Some OOH media providers have already moved beyond the traditional real estate-based approach in which advertisers focus on a specific region or even choose specific billboard locations. Instead, they are using data and technology to target specific audiences and measure the impact of their campaigns. For the laggards, the pandemic is proving a catalyst for overdue change. Let’s consider why OOH’s audience-based future is closer than ever as well as what is next for the industry’s evolution.
Earnings results that rolled out from retail giants over the past week further demonstrate what our next normal will look like. Specifically, Walmart and Target both hit record numbers. This is partly a function of Covid-era circumstances, but it is also due to each retailer’s active e-commerce momentum.
The earnings validate consumer acclimation to digitally infused local shopping. What’s more, other retailers and down-market businesses will look to replicate this success. This can all therefore be viewed as a leading indicator for retail’s next normal.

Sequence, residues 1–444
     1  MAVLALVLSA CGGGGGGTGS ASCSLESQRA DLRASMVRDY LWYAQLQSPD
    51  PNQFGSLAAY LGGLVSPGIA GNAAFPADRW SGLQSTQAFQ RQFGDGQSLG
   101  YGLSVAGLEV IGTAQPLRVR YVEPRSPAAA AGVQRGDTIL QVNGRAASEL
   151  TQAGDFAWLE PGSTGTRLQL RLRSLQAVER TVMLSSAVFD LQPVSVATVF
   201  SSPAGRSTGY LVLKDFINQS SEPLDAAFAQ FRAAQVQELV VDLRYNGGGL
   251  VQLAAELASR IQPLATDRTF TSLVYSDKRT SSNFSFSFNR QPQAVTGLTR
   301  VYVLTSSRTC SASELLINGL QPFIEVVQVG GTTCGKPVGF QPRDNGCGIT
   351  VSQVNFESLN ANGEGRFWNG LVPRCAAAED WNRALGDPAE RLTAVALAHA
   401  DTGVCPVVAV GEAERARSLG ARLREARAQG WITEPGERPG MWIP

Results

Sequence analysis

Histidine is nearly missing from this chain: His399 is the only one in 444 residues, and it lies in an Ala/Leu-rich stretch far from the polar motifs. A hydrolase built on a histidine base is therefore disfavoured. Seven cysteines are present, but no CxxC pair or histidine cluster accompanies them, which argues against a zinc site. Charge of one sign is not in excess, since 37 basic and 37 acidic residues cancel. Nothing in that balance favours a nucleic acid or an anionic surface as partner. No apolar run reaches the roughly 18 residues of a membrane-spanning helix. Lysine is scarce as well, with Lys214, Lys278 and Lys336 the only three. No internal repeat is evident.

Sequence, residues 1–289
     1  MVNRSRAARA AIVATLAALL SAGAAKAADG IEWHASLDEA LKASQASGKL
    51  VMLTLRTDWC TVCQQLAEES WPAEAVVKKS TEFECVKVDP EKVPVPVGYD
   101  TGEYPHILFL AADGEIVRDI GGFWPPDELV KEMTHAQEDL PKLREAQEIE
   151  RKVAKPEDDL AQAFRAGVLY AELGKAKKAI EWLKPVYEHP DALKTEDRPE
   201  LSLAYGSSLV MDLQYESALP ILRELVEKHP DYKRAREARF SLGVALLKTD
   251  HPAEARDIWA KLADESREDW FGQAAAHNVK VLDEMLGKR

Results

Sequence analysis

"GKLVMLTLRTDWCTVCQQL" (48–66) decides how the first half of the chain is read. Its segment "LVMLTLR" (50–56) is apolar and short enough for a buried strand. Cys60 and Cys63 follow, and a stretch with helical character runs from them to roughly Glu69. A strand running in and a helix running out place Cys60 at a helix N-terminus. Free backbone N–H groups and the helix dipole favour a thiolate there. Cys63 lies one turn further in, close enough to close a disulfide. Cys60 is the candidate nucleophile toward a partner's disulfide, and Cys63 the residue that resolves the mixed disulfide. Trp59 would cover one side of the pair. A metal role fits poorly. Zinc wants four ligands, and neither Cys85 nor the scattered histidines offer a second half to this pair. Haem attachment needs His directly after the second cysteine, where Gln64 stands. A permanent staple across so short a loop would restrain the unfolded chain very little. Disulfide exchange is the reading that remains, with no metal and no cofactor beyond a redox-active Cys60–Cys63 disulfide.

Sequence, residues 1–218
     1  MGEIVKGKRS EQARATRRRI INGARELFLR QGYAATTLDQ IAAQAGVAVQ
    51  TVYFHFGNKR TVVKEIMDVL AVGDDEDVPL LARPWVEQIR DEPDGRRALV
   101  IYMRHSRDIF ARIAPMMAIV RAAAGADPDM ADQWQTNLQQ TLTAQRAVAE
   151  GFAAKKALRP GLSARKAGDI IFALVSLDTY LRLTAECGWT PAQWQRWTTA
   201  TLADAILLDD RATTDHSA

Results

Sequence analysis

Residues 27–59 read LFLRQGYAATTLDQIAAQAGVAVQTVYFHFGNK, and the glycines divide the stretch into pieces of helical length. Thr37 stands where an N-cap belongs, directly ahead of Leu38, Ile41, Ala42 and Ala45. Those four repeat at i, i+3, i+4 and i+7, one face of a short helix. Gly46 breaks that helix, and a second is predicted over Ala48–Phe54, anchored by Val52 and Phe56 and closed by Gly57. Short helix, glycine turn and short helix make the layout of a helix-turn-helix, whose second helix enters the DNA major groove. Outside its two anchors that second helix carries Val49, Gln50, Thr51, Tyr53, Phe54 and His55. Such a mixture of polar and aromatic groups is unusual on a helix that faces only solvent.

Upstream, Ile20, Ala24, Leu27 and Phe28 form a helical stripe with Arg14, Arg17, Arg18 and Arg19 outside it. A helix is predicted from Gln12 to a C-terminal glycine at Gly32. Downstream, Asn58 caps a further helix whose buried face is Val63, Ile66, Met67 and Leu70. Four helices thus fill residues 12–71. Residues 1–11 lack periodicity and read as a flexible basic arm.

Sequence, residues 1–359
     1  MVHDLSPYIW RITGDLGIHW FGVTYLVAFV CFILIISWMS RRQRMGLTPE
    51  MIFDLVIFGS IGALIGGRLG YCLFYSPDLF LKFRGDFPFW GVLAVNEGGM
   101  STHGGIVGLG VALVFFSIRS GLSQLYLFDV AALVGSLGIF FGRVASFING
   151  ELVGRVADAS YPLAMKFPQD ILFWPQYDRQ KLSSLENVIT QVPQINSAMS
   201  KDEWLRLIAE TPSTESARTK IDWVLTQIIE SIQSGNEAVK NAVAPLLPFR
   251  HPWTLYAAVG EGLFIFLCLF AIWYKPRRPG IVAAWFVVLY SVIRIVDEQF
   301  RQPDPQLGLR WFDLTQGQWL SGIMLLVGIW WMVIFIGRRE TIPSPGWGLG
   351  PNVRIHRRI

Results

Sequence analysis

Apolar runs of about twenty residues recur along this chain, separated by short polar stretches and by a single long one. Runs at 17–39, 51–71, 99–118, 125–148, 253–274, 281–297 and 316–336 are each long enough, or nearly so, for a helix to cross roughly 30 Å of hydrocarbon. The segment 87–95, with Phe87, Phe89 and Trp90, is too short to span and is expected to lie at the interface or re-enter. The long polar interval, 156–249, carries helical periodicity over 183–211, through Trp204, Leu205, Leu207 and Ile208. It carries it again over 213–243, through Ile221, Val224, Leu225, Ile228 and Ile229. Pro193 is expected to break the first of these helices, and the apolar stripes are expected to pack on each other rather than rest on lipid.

A recent report from eMarketer found that political ad spend will reach $6.89 billion in the 2019/2020 election period. This cycle’s spending is 63.3% higher than spend in the 2015/2016 season, showcasing a significant uptick in competition for brand marketers. That said, political advertisers are becoming savvier, expanding their breadth and scale into additional channels and further encroaching on brands’ digital bread and butter.
Here are a few ways political ad spend will impact brand marketers’ approach and how they can adjust their strategies so they don’t lose momentum in the coming months.
Delivery has perhaps been the industry most clearly affected by the Covid-19 pandemic. When physically going to brick-and-mortar stores became a life-or-death exercise, delivery, which had already grown under the rise of e-commerce, became an even more essential part of how local commerce functions.